Thursday, March 02, 2006

Some Vietnam Vets NOT "truly deserving" of benefits?

My brother, Philip, was brilliant. He wrote and created pencil drawings so true to life, you'd weep. And in his paintings he captured an other-wordly quality of light. A sublime glow. He read everything. He told us stories. He was the first and the best storyteller in my life. He was recruited by the Marines, right out of high school. Those recruiters took a lot of boys from our neighborhood in the south valley of Albuquerque. He was sent to Vietnam twice. We didn't see him for three straight years. He came back violent and moody, went to college on the G.I. Bill, briefly coached high school football and taught Biology. He drifted around the country, met a paraplegic woman almost twice his age and married her because she "saved his life." They lived for awhile in her native Alabama and later Hawaii, but finally settled down on a little farm in New Mexico. He worked odd jobs for years, some he kept longer than others, usually manual labor type jobs. He usually broke a rule or two, threatened a co-worker, or just walked off a job if he felt like it. He began collecting animals. Not with any rhyme or reason in mind. He had dogs, cats and goats, in the double digits. When his wife passed away he became more and more reclusive. He didn't have time to read or paint anymore because he was too busy with his animals. He spent hours taking care of them. He lost a good job on a military base because he crossed a military roadblock to drive home to nurse a sick goat. He had periods of deep depression and suicidal thoughts. His health deteriorated. He began feeding the rats on his farm. Over the years we, his sisters and brothers, have pleaded with him to go to the VA Hospital, get a checkup, get some counseling, join a support group. He was stubborn and proud and wouldn't make time to jump through the hoops the VA required.

Well now he's reached the end of his rope. At 60 years of age, broken down and sick, living out of his car, he had to give in and admit he needed help. And now that he's willing to jump through the hoops to get what his country owes him for risking his life, and ultimately deferring whatever dreams a 17-year old had in 1963, idiots like Sally Satel, with the whole weight of the American Enterprise Institute behind her evil ass, are saying how can these guys make any claims after all these years? How the hell can she say that any of these guys are seeking a free ride?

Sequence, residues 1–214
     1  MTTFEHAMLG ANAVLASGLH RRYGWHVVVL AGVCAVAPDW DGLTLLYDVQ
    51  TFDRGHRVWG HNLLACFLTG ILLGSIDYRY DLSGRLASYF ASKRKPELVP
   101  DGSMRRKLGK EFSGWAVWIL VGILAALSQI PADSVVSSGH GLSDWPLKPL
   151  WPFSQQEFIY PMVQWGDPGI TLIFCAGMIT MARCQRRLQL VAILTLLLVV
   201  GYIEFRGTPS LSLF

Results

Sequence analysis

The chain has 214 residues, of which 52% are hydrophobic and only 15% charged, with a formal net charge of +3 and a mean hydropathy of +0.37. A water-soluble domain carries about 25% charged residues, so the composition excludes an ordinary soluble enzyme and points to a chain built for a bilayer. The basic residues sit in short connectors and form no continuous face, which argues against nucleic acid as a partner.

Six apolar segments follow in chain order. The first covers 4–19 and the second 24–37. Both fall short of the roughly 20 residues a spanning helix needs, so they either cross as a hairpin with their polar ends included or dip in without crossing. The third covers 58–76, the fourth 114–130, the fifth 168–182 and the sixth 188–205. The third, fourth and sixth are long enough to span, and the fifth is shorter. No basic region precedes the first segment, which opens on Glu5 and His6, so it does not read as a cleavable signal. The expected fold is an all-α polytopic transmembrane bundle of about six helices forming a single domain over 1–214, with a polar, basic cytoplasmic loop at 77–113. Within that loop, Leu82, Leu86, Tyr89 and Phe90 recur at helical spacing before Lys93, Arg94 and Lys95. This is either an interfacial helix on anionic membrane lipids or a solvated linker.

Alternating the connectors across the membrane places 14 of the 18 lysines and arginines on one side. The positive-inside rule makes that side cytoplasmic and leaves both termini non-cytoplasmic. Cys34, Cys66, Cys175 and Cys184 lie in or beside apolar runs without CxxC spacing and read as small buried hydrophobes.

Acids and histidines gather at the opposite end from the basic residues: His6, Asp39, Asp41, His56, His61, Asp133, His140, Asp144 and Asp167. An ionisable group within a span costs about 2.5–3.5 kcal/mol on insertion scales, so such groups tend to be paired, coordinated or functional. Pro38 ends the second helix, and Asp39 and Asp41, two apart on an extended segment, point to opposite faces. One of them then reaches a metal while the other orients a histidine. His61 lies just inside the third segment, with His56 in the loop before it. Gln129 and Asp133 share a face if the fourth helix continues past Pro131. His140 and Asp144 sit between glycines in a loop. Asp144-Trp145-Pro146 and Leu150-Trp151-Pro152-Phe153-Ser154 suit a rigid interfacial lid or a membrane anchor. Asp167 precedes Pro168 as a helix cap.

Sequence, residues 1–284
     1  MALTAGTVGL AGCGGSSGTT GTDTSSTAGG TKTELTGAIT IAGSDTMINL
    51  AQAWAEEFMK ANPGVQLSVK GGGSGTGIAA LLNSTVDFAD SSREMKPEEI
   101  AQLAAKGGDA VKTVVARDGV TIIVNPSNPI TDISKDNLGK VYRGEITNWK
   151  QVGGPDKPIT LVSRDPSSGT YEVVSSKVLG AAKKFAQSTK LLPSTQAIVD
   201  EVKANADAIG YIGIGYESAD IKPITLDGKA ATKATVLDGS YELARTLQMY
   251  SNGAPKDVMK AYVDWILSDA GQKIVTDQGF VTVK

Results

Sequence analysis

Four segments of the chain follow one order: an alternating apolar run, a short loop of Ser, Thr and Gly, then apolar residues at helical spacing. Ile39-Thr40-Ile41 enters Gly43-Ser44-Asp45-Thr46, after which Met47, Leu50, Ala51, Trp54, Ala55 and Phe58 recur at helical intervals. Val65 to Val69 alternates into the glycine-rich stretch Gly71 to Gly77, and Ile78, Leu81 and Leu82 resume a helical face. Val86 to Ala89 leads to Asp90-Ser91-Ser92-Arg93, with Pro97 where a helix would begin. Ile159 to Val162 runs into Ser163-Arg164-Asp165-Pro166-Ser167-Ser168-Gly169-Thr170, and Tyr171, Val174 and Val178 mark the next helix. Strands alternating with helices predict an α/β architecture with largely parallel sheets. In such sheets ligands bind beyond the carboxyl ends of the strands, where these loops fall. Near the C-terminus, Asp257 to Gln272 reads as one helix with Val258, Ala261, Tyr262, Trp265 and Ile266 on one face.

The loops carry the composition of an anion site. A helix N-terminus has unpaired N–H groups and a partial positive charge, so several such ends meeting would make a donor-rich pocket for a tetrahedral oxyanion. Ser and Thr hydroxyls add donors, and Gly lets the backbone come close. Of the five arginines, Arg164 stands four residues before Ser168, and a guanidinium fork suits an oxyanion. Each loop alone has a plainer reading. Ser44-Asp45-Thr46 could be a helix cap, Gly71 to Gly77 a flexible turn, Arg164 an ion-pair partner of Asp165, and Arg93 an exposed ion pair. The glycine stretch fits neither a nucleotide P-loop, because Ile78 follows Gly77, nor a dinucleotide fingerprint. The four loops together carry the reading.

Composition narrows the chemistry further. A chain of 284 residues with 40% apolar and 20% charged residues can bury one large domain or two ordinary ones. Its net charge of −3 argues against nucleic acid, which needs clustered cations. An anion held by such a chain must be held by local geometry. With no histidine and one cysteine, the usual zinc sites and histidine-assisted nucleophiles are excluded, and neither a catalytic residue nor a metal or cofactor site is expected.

Sally Satel, a psychiatrist and resident scholar at the American Enterprise Institute, wrote this piece of crap for the NYTimes' op-ed page earlier this week.
ACCORDING to a report from its inspector general, the Department of Veterans Affairs is now paying compensation for post-traumatic stress disorder to nearly twice as many veterans as it did just six years ago, at an annual cost of $4.3 billion. What's more surprising is that the flood of recent applicants does not, for the most part, consist of young soldiers just returned from Iraq and Afghanistan. Rather they are Vietnam veterans in their 50's and 60's who claim to be psychologically crippled now by their service of decades ago.

This leads to an obvious question: Can it really take up to 40 years after a trauma before someone realizes he can no longer cope with the demands of civilian life? The answer: possibly, but it is often hard to know which applicants can be helped with short-term psychiatric care, which are seeking a free ride and which are truly deserving of the diagnosis of post-traumatic stress disorder and thus long-term care and payments of up to $2,300 a month for life.
But it's also very likely that some of the veteran baby boomers who have filed claims in recent years did so not out of medical need but out of a desire for financial security in their retirement years.
Having worked as a psychiatrist at a Veterans Affairs hospital, I can attest to the good intentions with which the department created its post-traumatic stress disorder programs. But as the bureaucracy has become entrenched — and politicians and veterans' groups have applied pressure — a culture of trauma has blossomed.
Most important, more rigor in diagnosing will conserve resources for veterans who are truly deserving. With a new generation of soldiers returning from Iraq and Afghanistan, the Veterans Affairs Department needs to look at post-traumatic stress disorder in a new way: the department must regard it as an acute but treatable condition. Only in rare instances should veterans be eligible for lifetime disability; and perhaps there should be a deadline of years after service by which claims must be submitted.
This is horseshit. I thought I was deeply traumatized when we had to put our 13-year old Husky down after a brief illness. I can't even imagine what horrors my brother Philip experienced in his two tours of duty in Vietnam.

Excuse me if I foam at the mouth. These veterans put their lives on the line. They were willing to go into harm's way when so many ran and hid (how many deferments did Big Dick Cheney get?). The least we can do for them is make sure they finish well. The very least we can do for them is to make sure their next meal isn't coming out of a trash can.